Books That Unite Us

Editor's note: find a book discussion for In the Time of the Butterflies here.

At my book group’s initial “getting to know you” meeting in 2001, we talked about favorite books and authors. This was before book groups became a “thing.” Not counting our time as students, all of us were new to the idea of a prearranged book discussion. We enthusiastically threw out author names and book titles, eventually coming up with a schedule and a reading list.

The group had been together for about a year when we read In the Time of the Butterflies. The novel, suggested by group member Mira, was by an author most of us hadn’t heard of – Julia Alvarez.

I remember that discussion. We talked about the Mirabal sisters, the structure of the novel, the way each sister had a voice in the story. As one of two writers in our group, I recall being impressed with Alvarez’s lyrical use of language and persuasive characterization.

We talked about the political situation in the Dominican Republic that forms the backbone of the story. For most of us, myself included, it was an education. This is history not typically taught in U.S. schools.

When I asked Mira recently about this particular meeting and why she chose that book, she said that one of the things that struck her when our group had that initial gathering and discussed our reading preferences was how few Latino authors most group members had mentioned. “Isabel Allende,” she said. “Gabriel García Márquez. That was about it.”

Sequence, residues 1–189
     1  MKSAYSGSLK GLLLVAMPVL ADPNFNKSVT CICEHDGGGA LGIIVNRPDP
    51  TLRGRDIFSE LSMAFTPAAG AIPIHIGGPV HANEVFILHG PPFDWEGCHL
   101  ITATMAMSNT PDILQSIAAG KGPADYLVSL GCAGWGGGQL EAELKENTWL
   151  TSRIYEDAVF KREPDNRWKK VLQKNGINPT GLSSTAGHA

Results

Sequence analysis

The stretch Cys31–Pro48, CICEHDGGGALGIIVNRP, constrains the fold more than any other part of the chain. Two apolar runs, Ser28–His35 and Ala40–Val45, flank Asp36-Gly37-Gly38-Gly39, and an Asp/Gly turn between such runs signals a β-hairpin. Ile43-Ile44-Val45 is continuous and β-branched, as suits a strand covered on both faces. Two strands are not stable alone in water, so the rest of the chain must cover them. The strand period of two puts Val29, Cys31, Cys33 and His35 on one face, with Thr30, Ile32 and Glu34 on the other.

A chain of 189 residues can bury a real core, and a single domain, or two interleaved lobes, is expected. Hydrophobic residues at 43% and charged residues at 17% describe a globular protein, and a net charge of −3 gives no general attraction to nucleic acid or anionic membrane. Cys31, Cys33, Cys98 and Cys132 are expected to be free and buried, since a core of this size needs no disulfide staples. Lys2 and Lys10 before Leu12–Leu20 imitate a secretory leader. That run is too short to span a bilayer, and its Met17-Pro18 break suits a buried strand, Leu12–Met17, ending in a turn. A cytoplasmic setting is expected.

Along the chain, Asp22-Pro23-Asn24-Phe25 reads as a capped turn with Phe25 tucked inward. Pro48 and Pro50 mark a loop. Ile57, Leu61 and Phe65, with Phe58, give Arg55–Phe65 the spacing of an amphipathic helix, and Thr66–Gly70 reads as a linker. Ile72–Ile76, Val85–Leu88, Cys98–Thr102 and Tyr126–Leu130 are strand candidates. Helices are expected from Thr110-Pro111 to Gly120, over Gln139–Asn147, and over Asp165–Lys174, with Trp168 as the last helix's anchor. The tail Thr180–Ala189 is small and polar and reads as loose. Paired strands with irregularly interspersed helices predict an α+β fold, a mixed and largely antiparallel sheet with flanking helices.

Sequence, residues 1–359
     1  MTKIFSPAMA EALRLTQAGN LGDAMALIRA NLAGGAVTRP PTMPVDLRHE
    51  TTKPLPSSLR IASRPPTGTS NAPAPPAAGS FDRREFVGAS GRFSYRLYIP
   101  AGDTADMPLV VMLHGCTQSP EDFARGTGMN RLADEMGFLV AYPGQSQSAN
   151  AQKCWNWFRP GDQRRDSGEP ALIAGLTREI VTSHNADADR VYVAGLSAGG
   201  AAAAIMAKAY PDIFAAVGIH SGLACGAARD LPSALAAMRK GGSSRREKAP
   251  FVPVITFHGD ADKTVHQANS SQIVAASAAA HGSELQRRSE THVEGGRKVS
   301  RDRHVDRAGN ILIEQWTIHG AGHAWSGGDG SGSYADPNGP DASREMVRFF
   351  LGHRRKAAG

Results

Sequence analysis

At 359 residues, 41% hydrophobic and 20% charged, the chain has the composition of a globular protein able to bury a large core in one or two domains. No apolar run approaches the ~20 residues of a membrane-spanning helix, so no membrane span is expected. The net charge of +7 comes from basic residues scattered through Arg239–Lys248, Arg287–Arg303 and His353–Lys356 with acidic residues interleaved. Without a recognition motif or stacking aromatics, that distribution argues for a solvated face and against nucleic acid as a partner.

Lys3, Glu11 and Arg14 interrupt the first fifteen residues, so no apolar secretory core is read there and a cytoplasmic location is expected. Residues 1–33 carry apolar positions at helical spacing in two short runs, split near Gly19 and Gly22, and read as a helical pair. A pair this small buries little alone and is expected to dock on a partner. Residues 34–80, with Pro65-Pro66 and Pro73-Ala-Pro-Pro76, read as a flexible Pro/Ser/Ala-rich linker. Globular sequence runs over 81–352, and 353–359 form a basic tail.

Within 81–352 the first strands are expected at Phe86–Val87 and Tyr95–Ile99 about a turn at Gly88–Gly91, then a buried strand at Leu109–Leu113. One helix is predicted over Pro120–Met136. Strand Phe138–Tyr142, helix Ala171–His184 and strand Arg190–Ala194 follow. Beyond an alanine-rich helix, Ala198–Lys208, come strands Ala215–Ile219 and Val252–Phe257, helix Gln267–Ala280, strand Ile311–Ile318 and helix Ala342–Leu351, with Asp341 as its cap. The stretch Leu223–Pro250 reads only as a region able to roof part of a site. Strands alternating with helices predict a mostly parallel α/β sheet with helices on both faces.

She was right. One of my favorite things about being in a book group is that it exposes me to authors I might not have found on my own. Alvarez was one such author.

This, to me, is one of the great strengths of book clubs – and of events like the NEA Big Read of In the Time of the Butterflies. Community reading offers us not only the joy of the reading process itself, but also the pleasure of discovering and sharing books with others.

As an author, I’ve met with dozens of book groups to discuss my novels. What I notice about every group I meet with is that book groups get people thinking – and talking. Whether it’s a neighborhood club, a group of librarians, residents of a senior center, or any other group that forms around a love of books, reading is only one common denominator. The others are community – and discovery.

Would I have discovered In the Time of the Butterflies on my own? Possibly. Would I have had the opportunity to learn not just from my own takeaway of the book, but also from others’ views, if I wasn’t in a book group? Not as likely.

I’m currently rereading In the Time of the Butterflies, so I can more fully participate in NEA Big Read events. In book club, Kali Fajardo-Anstine’s Sabrina & Corina is our October read – partly because two of us had this book on our suggestion list for this year, and partly because we plan to attend the conversation between Fajardo-Anstine and Alvarez on November 6th.

May you, too, find pleasure in community, and joy in discovery. That’s what books are all about.


Cynthia Swanson is the New York Times bestselling author of The Bookseller and The Glass Forest. Find Cynthia online at and follow her on Facebook, Twitter, and Instagram.

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